From Embryology

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Fig. 498. Section of the Heart showing the Ventricular Septum

The heart consists of muscular fibers, and of fibrous rings which serve for their attachment. It is covered by the visceral layer of the serous pericardium (epicardium), and lined by the endocardium. Between these two membranes is the muscular wall or myocardium.

Endocardium is a thin, smooth membrane which lines and gives the glistening appearance to the inner surface of the heart; it assists in forming the valves by its reduplications, and is continuous with the lining membrane of the large bloodvessels. It consists of connective tissue and elastic fibers, and is attached to the muscular structure by loose elastic tissue which contains bloodvessels and nerves; its free surface is covered by endothelial cells.

Cardiac Muscular Tissue The fibers of the heart differ very remarkably from those of other striped muscles. They are smaller by one-third, and their transverse striæ are by no means so well-marked. They show faint longitudinal striation. The fibers are made up of distinct quadrangular cells, joined end to end so as to form a syncytium (Fig. 499). Each cell contains a clear oval nucleus, situated near its center. The extremities of the cells have a tendency to branch or divide, the subdivisions uniting with offsets from other cells, and thus producing an anastomosis of the fibers. The connective tissue between the bundles of fibers is much less than in ordinary striped muscle, and no sarcolemma has been proved to exist.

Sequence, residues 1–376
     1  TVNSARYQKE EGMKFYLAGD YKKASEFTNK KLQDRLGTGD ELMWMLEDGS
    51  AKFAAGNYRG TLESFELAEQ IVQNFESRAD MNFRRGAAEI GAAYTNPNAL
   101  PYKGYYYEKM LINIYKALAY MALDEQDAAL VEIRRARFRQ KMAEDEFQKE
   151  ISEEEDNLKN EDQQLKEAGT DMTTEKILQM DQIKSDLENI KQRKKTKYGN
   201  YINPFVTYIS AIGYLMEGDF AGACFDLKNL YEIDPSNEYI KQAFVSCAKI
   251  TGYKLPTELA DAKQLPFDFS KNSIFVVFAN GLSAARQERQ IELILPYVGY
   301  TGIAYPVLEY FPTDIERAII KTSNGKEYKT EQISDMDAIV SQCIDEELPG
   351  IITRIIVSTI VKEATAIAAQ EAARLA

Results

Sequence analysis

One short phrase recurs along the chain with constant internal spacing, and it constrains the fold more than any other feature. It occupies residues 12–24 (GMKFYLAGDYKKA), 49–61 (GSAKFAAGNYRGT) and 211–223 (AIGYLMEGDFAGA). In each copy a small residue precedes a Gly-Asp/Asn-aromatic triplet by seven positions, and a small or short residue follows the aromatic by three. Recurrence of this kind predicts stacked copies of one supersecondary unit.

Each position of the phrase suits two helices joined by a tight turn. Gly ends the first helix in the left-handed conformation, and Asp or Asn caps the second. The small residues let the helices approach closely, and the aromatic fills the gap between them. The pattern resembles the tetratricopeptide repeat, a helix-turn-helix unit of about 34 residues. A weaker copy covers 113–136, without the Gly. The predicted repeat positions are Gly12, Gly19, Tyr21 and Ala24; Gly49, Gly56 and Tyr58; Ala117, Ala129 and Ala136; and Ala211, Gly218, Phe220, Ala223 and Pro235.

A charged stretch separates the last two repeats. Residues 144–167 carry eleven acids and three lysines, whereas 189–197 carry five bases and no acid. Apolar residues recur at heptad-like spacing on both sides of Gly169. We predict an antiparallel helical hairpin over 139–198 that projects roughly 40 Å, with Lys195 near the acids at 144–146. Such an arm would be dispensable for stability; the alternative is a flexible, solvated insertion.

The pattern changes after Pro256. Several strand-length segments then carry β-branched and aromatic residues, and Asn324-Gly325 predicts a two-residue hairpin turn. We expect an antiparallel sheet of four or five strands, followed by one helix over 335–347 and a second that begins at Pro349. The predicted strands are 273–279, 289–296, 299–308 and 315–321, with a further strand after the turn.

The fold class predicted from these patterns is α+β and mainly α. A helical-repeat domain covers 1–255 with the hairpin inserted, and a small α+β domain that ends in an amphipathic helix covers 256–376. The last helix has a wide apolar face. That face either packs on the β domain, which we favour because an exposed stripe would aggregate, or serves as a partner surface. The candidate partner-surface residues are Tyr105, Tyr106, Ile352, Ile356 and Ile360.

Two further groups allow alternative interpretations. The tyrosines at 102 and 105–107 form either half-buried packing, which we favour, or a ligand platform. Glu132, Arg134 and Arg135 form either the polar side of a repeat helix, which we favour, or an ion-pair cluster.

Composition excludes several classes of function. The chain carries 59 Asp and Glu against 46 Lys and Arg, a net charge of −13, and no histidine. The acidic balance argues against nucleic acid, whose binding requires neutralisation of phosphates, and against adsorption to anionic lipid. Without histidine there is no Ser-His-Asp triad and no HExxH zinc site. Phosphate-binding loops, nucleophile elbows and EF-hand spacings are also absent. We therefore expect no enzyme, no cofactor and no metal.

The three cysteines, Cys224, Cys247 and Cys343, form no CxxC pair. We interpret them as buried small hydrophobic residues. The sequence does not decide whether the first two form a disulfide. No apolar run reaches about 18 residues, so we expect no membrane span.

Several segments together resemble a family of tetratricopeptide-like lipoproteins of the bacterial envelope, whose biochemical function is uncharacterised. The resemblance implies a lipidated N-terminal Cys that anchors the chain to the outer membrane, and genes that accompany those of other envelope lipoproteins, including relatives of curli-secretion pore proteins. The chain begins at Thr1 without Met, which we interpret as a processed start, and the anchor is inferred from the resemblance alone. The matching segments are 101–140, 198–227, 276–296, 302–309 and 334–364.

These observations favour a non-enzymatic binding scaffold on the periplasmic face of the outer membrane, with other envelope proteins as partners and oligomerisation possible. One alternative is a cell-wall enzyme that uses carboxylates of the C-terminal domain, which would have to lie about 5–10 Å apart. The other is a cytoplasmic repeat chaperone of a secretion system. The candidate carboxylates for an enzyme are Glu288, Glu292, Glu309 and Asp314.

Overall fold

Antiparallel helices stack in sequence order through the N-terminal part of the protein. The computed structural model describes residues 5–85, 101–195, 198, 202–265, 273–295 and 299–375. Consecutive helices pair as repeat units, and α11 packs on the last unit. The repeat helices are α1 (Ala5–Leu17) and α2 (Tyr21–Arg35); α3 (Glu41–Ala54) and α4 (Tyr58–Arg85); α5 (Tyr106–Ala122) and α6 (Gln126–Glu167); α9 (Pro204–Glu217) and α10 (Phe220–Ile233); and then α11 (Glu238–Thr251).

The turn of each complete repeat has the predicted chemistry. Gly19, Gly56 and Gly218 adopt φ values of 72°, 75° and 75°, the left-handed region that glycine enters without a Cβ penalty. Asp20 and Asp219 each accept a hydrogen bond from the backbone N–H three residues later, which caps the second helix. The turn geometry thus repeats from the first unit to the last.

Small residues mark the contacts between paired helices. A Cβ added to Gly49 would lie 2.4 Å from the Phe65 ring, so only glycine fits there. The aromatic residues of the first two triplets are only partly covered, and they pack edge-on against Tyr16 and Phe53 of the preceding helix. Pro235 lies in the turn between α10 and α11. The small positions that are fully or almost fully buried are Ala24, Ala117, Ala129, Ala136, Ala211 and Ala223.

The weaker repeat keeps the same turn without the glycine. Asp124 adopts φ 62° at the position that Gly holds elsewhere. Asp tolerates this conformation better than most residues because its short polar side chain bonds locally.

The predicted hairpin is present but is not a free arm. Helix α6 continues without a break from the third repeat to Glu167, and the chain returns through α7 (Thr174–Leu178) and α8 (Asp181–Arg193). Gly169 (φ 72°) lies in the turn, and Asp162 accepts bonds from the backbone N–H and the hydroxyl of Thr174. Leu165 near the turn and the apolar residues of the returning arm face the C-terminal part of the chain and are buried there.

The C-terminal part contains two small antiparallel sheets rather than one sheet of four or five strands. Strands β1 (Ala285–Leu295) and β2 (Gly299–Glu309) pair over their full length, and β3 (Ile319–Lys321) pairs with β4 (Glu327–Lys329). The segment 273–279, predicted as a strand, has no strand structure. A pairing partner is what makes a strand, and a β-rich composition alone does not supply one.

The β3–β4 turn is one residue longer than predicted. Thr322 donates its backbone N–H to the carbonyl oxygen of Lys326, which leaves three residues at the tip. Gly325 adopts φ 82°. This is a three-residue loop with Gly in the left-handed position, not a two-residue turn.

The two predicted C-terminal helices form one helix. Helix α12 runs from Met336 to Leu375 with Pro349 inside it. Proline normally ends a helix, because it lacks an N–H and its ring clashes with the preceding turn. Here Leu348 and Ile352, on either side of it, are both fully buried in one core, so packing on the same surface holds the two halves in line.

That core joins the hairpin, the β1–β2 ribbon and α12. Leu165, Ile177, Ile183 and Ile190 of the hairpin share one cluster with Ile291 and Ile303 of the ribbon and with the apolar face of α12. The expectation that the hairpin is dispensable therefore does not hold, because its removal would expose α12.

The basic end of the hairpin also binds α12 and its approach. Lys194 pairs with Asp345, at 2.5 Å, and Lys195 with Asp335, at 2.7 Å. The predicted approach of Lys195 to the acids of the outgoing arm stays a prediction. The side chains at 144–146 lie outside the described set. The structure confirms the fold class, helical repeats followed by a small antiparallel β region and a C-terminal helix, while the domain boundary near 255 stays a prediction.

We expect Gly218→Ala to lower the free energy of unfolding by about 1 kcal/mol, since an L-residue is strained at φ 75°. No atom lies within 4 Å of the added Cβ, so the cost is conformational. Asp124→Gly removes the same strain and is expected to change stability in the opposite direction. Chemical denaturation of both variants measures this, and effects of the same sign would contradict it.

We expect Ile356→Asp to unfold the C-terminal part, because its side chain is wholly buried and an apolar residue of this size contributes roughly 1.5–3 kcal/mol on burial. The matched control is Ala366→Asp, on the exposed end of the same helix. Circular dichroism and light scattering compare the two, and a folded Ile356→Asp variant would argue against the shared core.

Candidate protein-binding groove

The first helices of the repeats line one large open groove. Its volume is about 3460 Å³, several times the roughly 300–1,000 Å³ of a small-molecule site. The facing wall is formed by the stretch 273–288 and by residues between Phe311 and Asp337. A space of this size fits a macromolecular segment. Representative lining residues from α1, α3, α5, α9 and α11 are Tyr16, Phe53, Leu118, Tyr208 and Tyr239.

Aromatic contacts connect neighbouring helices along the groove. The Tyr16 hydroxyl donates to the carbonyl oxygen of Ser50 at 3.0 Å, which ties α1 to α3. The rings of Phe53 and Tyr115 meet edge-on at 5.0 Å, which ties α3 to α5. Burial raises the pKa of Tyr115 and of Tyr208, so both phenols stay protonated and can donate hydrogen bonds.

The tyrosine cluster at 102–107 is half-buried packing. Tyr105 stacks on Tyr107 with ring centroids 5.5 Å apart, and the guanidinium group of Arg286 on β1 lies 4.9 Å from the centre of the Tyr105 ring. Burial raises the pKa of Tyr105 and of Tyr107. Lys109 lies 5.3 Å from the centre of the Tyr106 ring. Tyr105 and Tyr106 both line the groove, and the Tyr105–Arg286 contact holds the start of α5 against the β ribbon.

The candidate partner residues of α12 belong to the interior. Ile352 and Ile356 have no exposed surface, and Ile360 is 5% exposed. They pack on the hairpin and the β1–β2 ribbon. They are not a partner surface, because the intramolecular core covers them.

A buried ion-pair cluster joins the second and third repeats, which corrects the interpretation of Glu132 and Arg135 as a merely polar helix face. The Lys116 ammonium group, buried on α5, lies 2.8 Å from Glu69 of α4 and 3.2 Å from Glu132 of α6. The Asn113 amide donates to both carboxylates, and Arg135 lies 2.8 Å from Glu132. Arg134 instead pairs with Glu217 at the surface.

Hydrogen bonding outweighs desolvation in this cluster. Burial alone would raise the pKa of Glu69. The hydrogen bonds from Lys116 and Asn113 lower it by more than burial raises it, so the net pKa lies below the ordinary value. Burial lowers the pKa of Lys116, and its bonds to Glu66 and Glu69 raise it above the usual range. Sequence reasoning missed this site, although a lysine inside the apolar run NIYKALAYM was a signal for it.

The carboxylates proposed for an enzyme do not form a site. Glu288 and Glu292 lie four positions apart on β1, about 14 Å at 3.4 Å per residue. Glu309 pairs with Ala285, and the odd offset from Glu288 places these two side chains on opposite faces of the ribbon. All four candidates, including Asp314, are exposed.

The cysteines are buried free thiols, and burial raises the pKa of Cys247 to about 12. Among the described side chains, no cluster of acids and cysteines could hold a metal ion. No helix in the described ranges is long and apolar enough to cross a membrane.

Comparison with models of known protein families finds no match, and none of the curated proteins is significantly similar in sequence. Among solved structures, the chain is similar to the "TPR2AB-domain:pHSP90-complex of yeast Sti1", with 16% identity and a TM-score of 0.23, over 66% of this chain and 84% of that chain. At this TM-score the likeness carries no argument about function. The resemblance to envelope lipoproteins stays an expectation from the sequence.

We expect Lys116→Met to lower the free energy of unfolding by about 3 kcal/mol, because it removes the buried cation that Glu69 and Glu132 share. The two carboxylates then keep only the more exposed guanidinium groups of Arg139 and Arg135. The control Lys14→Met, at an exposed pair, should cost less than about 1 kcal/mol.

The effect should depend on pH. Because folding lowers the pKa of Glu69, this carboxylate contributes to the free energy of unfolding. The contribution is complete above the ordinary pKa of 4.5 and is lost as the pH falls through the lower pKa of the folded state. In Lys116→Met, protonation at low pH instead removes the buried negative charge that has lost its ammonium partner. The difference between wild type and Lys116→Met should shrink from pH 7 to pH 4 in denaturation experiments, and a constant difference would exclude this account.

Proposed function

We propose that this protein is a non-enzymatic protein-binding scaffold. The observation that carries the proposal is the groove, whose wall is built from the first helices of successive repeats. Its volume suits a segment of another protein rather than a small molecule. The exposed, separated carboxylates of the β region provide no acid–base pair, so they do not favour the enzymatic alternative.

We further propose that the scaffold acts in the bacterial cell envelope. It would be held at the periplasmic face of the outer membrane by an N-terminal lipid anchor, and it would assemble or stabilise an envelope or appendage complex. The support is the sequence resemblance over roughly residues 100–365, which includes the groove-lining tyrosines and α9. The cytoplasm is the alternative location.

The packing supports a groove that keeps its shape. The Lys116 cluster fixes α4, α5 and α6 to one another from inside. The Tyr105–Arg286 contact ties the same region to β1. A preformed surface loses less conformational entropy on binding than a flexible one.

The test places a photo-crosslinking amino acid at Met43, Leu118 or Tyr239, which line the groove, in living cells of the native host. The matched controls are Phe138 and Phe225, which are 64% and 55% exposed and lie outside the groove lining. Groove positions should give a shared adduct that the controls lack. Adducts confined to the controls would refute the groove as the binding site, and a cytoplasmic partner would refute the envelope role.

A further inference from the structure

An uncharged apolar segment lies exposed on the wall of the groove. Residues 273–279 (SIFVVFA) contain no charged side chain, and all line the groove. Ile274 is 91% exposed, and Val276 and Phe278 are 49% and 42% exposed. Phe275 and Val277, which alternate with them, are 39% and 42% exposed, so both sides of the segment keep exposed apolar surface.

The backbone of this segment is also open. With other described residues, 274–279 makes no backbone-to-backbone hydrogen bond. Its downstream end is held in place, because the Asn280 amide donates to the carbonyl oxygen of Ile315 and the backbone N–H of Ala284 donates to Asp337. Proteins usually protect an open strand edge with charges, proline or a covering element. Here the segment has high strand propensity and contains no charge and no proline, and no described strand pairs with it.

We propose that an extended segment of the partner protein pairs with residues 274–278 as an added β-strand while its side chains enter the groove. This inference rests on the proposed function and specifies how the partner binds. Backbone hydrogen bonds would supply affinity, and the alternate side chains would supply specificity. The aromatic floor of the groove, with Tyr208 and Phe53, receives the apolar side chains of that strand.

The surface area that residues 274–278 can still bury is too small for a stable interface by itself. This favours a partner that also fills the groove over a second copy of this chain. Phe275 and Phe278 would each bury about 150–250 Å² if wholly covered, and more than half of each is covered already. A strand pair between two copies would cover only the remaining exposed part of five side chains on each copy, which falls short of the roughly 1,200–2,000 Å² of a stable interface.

Cite this page: Hill, M.A. (2024, May 23) Embryology Gray0498.jpg. Retrieved from

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© Dr Mark Hill 2024, UNSW Embryology ISBN: 978 0 7334 2609 4 - UNSW CRICOS Provider Code No. 00098G

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current22:35, 11 October 2009Thumbnail for version as of 22:35, 11 October 2009475 × 416 (39 KB)S8600021 (talk | contribs)Section of the heart showing the ventricular septum.